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Member since Oct 2014
54 posts
Subject: completeness
I thought completeness is this H |= A then H  |- A
In exercise 9.3 it is : H |= A IFF H  |- A
Are we actually supposed to show both directions ? Do I miss something ? Or is this an error?
Member since Oct 2016
806 posts
Good question!

Technically, the direction "If H |= A then H  |- A" is what's called completeness. The other direction is called soundness.

However, any calculus which is *unsound* is basically useless and inadequate for any purposes (recall what it would mean if a calculus is unsound: Then I can prove things that aren't true!), so we only ever consider calculi that are sound. Hence, *given* that a calculus is (supposed to be) sound anyway, the two statements "If H |= A then H  |- A" and "H |= A IFF H  |- A" are equivalent.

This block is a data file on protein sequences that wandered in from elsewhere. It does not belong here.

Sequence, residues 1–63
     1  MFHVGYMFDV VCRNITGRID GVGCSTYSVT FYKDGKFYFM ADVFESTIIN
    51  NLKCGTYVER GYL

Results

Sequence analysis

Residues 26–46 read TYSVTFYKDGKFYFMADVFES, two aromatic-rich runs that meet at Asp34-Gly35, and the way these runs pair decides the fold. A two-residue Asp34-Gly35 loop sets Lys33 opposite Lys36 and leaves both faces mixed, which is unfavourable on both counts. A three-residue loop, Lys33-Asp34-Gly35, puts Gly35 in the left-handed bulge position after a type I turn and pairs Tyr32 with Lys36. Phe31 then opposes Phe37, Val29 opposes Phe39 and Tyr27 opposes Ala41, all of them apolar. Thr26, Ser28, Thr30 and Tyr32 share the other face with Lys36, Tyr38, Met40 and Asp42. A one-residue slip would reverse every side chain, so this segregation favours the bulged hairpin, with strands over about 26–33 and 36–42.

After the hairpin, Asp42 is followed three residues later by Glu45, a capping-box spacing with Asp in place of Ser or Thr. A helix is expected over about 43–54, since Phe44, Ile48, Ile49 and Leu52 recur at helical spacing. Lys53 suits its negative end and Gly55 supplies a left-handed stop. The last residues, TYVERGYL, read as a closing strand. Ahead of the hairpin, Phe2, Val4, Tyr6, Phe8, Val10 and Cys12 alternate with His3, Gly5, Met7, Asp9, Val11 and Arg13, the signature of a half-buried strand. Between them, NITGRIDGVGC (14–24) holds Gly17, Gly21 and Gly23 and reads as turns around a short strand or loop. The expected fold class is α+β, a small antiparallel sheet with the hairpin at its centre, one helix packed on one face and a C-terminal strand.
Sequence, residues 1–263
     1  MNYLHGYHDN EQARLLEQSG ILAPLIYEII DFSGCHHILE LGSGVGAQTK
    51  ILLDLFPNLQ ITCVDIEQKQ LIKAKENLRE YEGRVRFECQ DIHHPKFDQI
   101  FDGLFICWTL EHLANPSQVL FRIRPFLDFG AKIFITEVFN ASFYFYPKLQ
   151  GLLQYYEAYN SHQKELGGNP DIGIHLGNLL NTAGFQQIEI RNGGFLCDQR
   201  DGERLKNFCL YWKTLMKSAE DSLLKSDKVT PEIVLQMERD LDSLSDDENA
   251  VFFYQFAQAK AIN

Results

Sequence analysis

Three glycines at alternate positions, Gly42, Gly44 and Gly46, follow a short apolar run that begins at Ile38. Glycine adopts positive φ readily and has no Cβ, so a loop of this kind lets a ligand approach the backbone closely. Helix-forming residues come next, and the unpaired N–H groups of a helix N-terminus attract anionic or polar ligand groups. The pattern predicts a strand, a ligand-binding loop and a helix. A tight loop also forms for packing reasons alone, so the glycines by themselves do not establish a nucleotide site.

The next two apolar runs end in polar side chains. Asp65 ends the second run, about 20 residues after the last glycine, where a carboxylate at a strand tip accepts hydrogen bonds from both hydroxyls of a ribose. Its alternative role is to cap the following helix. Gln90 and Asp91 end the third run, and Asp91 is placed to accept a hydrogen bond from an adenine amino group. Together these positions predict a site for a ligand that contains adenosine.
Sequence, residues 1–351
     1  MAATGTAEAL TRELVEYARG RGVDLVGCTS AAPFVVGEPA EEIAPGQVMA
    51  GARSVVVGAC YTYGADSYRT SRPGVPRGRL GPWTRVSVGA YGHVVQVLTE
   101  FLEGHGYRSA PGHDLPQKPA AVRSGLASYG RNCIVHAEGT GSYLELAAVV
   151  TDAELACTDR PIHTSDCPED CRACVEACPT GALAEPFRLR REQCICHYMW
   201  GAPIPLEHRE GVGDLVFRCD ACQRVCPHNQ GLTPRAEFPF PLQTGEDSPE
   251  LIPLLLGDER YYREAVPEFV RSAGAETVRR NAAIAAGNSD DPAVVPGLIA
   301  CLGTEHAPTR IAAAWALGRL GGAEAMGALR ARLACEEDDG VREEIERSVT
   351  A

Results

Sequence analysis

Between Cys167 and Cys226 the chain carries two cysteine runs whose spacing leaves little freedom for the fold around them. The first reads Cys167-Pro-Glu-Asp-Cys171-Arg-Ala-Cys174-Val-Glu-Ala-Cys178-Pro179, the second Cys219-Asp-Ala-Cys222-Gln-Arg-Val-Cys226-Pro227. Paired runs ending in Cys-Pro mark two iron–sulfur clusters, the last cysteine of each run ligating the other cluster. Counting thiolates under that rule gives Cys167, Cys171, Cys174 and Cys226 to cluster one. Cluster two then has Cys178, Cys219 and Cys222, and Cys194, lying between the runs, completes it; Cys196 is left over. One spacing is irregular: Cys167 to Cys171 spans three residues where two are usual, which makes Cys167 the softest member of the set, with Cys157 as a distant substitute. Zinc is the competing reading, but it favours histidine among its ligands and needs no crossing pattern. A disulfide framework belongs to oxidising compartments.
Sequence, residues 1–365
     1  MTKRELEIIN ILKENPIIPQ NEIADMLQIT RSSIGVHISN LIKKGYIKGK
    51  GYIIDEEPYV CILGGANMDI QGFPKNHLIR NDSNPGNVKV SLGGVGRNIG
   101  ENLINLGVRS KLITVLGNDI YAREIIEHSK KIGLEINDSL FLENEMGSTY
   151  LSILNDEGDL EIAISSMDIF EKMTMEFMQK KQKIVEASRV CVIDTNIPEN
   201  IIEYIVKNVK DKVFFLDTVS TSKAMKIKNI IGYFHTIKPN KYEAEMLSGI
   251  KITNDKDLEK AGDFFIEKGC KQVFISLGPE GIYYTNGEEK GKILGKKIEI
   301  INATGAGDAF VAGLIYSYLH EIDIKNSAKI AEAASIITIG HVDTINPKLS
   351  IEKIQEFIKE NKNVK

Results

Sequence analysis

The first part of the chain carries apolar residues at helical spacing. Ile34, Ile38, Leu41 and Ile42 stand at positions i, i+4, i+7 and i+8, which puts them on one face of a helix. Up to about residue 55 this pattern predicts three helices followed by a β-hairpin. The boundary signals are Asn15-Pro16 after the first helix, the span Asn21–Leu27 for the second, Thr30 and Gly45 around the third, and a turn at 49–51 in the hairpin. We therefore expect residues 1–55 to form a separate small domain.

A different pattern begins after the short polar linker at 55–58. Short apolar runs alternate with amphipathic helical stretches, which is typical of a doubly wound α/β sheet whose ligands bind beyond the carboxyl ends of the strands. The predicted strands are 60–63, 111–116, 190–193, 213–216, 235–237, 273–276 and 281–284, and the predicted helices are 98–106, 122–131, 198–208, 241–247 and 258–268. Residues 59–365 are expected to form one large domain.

Member since Oct 2016
806 posts
In reply to post #1
Possibly relevant: You may accordingly *without loss of generality* assume the calculus in your proof to be sound ;)
Member since Nov 2018
44 posts
Subject: Completeness and Model Existence
A little aside: one direction of the Model Existence Theorem (If you cannot derive a contradiction from H then H has a model) is equivalent to the strict definition of completeness (H |= A then H  |- A). This is a very useful equivalence which is often used to prove completeness of a logic: the proof then boils down to picking an arbitrary consistent set of formulae and constructing a model for it (the "canonical" model).
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